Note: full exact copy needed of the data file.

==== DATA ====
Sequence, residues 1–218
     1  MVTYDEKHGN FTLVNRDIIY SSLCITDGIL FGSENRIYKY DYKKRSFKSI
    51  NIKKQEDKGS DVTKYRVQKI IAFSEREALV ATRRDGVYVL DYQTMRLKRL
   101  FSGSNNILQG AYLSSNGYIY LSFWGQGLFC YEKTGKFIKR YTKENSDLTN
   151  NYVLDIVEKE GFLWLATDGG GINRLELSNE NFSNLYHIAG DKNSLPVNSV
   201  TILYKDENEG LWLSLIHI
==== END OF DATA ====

Sequence, residues 1–218
     1  MVTYDEKHGN FTLVNRDIIY SSLCITDGIL FGSENRIYKY DYKKRSFKSI
    51  NIKKQEDKGS DVTKYRVQKI IAFSEREALV ATRRDGVYVL DYQTMRLKRL
   101  FSGSNNILQG AYLSSNGYIY LSFWGQGLFC YEKTGKFIKR YTKENSDLTN
   151  NYVLDIVEKE GFLWLATDGG GINRLELSNE NFSNLYHIAG DKNSLPVNSV
   201  TILYKDENEG LWLSLIHI